Some 800,000 children have been displaced due to violence by terror group Boko Haram in north-eastern Nigeria.
According to the UN Children's Fund (Unicef), many of the children have been separated from their families and are subjected to abuse such as rape and forced marriage. Some of them are also being used by the terrorists as combatants and for suicide bomb missions.
Who is Boko Haram?
Boko Haram fights against Western influence in Nigeria and aims to impose its version of Sharia law in the country. The group declared an Islamic caliphate in Gwoza, along the Cameroon border, in August 2014.
Boko Haram has raided several cities in the north of the country in a bid to take control of more land.
Three states, Adamawa, Borno and Yobe, have been under a state of emergency since May 2013, due to Boko Haram's deadly attacks.
Unicef also warned that the number of child refugees has doubled in the past year and that the number of children not attending schools is now 10.5 million, compared to eight million in 2007.
The report comes a day before the first anniversary of the mass kidnapping from Chibok, where the terrorists abducted some 270 schoolgirls in April 2014. Shortly after, 50 girls managed to escape, but the rest are still missing amid reports that that they are being used as suicide bombers.
Boko Haram has killed thousands of people and captured several territories in north-eastern Nigeria since its insurgency started in early 2000s. The Nigerian army – aided by troops from neighbouring countries Chad, Cameroon, Niger and Benin – has regained control of some of the areas previously controlled.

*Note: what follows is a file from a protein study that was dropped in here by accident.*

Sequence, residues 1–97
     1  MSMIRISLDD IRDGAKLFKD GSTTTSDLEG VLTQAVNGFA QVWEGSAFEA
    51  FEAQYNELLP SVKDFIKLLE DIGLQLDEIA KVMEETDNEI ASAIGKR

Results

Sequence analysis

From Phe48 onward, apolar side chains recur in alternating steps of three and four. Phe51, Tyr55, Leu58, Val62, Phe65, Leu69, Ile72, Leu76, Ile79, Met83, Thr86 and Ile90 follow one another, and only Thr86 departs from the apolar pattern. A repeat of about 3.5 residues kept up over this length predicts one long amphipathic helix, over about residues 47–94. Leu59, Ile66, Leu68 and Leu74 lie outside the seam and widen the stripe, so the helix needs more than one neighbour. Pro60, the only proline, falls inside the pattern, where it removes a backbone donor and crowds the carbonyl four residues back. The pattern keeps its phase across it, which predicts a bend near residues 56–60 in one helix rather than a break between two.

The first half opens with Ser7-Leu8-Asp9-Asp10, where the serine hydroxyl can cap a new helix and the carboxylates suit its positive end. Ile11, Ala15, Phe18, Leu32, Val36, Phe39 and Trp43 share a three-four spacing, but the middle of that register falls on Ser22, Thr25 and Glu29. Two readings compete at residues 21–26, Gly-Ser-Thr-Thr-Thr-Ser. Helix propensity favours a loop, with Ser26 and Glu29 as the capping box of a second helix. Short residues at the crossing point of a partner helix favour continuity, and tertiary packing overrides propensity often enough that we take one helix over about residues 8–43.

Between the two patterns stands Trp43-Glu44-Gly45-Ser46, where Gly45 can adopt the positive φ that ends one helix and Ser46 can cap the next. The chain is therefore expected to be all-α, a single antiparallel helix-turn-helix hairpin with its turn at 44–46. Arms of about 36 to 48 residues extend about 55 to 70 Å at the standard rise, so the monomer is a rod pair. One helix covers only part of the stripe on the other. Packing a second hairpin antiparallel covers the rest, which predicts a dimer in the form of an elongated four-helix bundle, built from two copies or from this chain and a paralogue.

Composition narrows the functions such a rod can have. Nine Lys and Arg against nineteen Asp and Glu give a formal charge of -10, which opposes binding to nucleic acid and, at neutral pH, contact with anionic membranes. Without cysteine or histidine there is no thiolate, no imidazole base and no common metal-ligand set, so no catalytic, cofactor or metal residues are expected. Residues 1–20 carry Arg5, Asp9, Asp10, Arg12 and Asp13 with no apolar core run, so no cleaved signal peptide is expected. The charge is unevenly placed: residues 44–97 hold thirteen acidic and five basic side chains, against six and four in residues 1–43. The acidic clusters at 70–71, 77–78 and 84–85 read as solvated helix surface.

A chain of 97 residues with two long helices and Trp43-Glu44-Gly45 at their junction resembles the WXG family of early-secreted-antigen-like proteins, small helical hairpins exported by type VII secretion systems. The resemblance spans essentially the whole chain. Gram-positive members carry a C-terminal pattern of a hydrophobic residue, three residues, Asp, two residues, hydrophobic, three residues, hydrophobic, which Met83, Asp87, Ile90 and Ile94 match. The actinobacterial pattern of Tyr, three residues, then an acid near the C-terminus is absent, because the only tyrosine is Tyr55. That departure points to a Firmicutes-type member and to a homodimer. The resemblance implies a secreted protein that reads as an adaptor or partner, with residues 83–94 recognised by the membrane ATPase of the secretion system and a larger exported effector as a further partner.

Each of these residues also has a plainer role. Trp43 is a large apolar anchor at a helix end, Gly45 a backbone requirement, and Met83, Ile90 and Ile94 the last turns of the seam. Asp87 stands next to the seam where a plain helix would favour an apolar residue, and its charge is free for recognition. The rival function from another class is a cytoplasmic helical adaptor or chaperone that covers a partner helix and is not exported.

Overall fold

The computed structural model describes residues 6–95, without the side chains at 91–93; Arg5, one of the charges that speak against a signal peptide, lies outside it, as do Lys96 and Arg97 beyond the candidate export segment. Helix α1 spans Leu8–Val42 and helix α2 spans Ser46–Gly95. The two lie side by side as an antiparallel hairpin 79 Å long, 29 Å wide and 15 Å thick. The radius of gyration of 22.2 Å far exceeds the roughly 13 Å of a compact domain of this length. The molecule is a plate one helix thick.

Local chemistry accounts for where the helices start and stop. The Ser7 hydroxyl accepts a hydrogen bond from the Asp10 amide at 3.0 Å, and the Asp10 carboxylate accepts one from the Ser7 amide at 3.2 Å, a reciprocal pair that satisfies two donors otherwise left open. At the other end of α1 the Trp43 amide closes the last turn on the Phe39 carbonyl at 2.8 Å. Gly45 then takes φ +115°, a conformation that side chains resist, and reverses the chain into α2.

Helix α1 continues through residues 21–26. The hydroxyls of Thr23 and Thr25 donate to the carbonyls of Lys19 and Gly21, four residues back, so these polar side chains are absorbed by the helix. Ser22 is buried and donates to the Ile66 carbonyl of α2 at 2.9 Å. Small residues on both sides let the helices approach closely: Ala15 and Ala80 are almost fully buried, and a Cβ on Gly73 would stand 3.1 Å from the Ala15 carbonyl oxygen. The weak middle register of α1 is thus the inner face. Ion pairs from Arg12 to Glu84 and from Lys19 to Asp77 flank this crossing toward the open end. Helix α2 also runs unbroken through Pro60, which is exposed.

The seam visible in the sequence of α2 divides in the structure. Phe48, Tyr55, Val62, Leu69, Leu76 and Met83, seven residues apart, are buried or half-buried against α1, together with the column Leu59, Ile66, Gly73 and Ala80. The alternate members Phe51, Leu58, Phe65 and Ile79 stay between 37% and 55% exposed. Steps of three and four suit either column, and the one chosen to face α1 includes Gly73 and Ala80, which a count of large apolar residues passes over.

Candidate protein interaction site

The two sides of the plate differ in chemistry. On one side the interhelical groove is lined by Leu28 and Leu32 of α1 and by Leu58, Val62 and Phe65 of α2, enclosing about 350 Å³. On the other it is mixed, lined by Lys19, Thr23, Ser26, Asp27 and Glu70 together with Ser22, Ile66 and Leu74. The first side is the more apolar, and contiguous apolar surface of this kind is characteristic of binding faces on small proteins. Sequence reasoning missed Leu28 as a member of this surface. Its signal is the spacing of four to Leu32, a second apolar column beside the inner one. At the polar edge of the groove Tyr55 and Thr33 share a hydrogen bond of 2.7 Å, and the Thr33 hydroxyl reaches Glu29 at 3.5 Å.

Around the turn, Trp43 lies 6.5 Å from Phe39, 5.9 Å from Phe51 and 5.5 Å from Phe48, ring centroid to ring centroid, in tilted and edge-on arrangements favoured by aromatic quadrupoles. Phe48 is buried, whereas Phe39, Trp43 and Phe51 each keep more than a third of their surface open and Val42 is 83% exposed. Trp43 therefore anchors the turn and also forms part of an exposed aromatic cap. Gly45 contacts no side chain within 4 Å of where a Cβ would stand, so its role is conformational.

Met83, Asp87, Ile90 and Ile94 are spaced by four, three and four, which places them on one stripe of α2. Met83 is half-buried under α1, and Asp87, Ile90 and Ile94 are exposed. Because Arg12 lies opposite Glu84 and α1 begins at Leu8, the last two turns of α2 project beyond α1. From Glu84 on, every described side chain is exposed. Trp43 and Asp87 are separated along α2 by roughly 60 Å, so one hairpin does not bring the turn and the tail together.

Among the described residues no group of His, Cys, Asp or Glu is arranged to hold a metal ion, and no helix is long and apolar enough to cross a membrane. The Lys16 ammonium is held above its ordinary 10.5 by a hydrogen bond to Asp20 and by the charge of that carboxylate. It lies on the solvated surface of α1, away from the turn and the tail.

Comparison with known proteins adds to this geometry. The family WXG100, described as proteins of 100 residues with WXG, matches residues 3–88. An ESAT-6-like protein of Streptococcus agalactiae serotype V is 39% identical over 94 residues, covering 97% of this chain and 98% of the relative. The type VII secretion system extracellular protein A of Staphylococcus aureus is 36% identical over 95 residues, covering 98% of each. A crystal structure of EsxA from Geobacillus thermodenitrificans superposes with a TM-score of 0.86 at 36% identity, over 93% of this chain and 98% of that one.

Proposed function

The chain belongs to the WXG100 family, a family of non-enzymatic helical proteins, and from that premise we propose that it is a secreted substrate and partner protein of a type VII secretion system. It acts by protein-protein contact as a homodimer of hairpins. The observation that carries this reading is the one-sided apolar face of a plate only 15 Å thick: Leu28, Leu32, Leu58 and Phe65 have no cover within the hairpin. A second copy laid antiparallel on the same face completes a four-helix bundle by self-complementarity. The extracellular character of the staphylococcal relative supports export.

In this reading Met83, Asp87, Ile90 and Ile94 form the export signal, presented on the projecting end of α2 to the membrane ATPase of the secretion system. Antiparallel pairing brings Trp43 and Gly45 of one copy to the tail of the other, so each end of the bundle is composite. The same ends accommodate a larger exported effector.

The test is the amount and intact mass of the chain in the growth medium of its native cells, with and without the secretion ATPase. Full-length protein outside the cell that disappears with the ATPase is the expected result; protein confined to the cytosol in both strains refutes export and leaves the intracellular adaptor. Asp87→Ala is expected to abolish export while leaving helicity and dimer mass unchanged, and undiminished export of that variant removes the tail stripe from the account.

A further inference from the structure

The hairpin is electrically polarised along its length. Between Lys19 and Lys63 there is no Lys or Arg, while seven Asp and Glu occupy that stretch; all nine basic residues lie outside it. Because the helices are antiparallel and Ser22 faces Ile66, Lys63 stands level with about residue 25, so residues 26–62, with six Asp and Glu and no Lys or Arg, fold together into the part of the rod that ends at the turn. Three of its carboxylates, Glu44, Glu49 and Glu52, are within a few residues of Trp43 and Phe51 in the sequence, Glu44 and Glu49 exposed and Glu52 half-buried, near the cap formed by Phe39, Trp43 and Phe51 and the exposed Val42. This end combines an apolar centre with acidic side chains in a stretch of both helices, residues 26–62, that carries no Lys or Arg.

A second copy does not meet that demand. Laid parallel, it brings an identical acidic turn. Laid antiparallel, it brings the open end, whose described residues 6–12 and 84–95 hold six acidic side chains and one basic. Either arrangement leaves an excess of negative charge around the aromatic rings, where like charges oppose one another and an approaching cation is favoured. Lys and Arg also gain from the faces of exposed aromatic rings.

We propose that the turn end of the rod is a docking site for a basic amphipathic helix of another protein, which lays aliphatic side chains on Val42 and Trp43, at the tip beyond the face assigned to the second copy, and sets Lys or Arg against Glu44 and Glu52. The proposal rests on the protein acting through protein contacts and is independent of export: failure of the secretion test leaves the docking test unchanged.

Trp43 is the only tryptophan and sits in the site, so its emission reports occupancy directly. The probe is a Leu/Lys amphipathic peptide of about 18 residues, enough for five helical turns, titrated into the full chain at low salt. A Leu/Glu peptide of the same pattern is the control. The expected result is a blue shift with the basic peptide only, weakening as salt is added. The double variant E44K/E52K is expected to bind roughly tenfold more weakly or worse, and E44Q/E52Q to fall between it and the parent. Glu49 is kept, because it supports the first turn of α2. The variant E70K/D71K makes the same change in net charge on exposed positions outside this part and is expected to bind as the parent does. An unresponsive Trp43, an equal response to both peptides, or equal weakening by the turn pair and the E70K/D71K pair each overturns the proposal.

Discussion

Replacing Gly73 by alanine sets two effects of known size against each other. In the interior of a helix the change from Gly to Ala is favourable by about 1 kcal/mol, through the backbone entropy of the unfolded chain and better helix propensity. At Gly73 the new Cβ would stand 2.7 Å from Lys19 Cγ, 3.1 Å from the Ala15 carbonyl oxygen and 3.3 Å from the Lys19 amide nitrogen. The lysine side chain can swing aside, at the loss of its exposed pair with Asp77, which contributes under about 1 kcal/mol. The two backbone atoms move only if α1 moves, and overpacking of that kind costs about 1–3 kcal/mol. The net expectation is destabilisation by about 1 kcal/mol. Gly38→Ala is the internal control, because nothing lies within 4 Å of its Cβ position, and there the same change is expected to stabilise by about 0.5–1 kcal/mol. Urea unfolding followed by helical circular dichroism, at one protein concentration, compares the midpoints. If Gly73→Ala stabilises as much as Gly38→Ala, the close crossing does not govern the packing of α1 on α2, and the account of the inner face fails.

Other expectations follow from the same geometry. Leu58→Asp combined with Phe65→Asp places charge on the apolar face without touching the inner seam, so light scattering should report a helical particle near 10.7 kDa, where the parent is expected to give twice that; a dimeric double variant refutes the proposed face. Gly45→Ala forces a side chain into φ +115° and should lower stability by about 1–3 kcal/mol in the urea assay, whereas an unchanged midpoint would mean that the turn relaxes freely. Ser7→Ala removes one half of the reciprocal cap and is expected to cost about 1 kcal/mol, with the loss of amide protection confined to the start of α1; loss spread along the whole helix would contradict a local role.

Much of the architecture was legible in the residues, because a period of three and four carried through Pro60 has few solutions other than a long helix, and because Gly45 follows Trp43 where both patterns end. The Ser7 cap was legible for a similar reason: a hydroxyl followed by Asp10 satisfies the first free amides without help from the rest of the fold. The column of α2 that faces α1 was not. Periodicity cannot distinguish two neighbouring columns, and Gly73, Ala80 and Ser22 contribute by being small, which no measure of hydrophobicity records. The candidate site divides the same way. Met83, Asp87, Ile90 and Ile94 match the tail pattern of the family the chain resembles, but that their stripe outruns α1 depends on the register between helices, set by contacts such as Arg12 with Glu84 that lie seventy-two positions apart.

The army's offensive was launched a few weeks before Nigeria held a presidential election, which was postponed by the then president Goodluck Jonathan in February amid security concerns.
Meanwhile, reports say that Buhari's All Progressives Congress (APC) party won key states — such as Nigeria's richest state, Lagos — from Jonathan's defeated People's Democratic Party (PDP) as voting for state governorship was extended due to widespread violence that prevented Nigerians from going to polling stations.
The APC's victory in Lagos means that for the first time since the end of military rule in 1999, both the governor of this state and Nigeria's president are from the same party.
Opposition candidates are also contesting victory of PDP in the oil-rich southern Rivers state, where at least nine people were killed, election workers abducted and a polling station and a government official's house set on fire.